Rays get shaves for pediatric cancer research
PORT CHARLOTTE, Fla. — Stu Sternberg hovered toward the back of a crowd, freshly shaven and eager to see his manager appear the same. Feet away, Joe Maddon sat in a chair and watched the bustle around him as his white hair fell to the boardwalk.
Sternberg looked ahead, toward the spectacle. The Tampa Bay Rays principal owner and others within the franchise — players, management and additional staff — had gathered in a small area Friday beyond the right-field wall at Charlotte Sports Park to have their hair cut for a quality cause. Sternberg, with cameras and onlookers fixed on Maddon, paused and offered a greeting. This sight was something to see.
“Hey, there,” Maddon said, observing Sternberg approach.
“Good thing you have some growth there,” Sternberg said, rubbing his chin.
For the second consecutive year, the Rays took part in “Fortune Favors the Bald,” an event that raised funds for the Pediatric Cancer Foundation, which is headquartered in Tampa. Before the Rays’ 3-1 win against the Philadelphia Phillies, more than 100 people — including at least 65 members of the Rays' franchise — took to one of three chairs under the sun and met a razor for a larger mission.
The event was part of the fourth annual “Cut for a Cure Charity Challenge,” a series of six sponsored shavings around the Tampa Bay region that assist in fundraising that runs until May 3. The Rays’ gathering was the charity's first this year, after the overall event raised more than $350,000 in 2012. On Friday, fans who gave a $100 donation shaved their heads with the Rays and received a black “Fortune Favors the Bald” T-shirt.
“We learned a lot of valuable lessons last year,” Maddon told FOXSportsFlorida.com. “The big part of it is vanity; just throw it in the garbage can. It’s for a wonderful cause. … When you talk to (affected parents), you know how important it is and how worthwhile it is. Many times we don’t understand the impact we have in regards to doing something or talking about something or becoming involved in something. We don’t know the true impact until you walk a minute in the shoes of those people, and they relay that to us. It was pretty significant.”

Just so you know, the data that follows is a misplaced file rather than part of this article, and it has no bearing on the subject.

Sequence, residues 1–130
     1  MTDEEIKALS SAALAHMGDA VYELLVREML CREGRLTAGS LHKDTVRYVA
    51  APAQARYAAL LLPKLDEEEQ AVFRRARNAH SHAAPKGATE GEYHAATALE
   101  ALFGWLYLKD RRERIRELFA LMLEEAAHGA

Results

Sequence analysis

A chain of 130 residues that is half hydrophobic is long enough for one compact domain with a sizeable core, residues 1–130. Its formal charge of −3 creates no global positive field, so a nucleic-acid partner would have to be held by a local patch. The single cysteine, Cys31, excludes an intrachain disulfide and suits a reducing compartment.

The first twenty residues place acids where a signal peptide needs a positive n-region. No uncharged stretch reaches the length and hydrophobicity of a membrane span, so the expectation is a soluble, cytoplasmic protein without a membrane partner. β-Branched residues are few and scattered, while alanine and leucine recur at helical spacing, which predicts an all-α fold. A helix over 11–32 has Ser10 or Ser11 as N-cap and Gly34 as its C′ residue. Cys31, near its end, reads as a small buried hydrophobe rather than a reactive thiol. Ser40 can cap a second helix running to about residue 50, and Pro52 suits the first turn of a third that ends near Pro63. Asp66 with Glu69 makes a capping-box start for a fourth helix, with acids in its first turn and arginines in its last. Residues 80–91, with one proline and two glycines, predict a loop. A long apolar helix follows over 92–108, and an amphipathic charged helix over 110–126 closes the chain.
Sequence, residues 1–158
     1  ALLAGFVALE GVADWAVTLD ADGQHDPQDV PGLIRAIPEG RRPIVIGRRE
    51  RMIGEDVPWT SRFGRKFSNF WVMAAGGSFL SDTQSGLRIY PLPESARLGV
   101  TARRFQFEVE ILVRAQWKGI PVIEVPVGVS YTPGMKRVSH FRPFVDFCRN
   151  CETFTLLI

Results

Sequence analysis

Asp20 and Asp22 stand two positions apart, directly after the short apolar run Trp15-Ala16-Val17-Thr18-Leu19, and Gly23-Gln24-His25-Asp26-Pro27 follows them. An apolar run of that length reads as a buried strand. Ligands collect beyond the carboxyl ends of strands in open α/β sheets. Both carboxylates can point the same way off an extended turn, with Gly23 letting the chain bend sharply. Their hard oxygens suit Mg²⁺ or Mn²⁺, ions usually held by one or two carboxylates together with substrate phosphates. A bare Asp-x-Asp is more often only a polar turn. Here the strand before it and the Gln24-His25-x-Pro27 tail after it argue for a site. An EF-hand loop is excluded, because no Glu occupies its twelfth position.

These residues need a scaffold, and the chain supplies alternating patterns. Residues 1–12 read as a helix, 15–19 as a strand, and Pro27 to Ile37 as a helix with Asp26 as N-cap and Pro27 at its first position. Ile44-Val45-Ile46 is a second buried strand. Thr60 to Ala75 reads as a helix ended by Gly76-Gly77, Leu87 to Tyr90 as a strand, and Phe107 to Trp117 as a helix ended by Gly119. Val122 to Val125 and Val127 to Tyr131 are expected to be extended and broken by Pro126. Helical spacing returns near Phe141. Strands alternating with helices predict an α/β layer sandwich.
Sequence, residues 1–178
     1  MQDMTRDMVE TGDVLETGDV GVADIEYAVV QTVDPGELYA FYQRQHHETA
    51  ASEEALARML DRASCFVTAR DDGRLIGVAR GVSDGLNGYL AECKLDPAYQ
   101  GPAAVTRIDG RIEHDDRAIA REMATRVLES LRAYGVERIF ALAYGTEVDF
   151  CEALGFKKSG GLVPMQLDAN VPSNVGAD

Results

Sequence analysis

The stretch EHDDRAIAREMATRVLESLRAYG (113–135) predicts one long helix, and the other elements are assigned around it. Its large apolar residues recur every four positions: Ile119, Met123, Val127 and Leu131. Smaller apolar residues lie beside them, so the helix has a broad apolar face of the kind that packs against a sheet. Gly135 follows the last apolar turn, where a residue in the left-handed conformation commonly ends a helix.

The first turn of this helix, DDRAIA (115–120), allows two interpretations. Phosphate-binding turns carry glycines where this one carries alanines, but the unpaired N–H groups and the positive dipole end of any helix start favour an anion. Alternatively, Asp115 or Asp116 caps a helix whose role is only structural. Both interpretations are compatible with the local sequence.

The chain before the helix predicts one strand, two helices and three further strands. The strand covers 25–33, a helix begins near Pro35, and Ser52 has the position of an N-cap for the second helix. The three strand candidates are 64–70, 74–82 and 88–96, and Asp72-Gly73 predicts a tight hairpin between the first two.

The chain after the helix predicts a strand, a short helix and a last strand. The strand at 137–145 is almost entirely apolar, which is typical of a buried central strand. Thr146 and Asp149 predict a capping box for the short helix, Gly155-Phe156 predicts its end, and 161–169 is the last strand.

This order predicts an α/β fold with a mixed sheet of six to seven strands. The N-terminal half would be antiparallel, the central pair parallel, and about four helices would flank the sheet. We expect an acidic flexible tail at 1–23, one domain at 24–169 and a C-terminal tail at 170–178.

The Rays’ strong turnout was similar to their showing last year. More than 70 players, coaches and staff members participated in the inaugural effort, and at least about 50 were expected Friday. Maddon said he hopes the event becomes a spring tradition.
“It actually got a good amount of traction last year, not just locally but nationally,” Sternberg said. “I’d like to think if we can lift the boats a little bit, we’ve done our job. It does actually work out to be a nice team-building thing for Joe to lead this for everybody. It’s great for our players to get involved.”
By being involved, the Rays draw attention to sobering facts. Throughout the world, according to the foundation, more than 160,000 kids are diagnosed with cancer each year. In the United States, 33 kids are diagnosed with cancer each day. Cancer is the leading cause of death by disease among American children younger than 15.
Nancy Crane, the Pediatric Cancer Foundation’s executive director, said she hopes at least $400,000 is raised through the challenge in the next two months. Funds will be used to assist in research that seeks to discover less toxic, more targeted therapies for kids.
“It’s just hair,” Crane said, as activity picked up near a sign-in table. “If we can do a head-shaving and spread the word and let people know what we’re doing for research and for these kids, then come on and join us.”
There were light moments to remember for those who did join. Sternberg, Maddon and executive vice president Andrew Friedman drew the largest crowds. Outfielder Sam Fuld and infielder Cole Figueroa — both with thick hair prior to the shave — were among the most anticipated to receive a clean cut.
“At first, it was a little hesitation,” Figueroa said earlier Friday morning. “But my hair will grow back, so I’m not too worried about it. … I think it definitely shows our support.”
Added right-hander Jeremy Hellickson: “I think other teams would absolutely do it, but Joe actually did it and put it together and went through with it. I think a lot of teams would love to do it.”
Maddon seemed to love it all. After he rose from his chair, a small round of applause followed from observers nearby, a fitting tribute for his gesture. Earlier, thick white hair filled his head. Now, he was shaven.
Fortune favors the generous, indeed.
“I’m really happy,” Maddon said, “that we can do it again.”
For more information about the Cut for a Cure Charity Challenge, please visit: http://pcfcutforacure.org or call 813-269-0955.
You can follow Andrew Astleford on Twitter @aastleford or email him at firstname.lastname@example.org.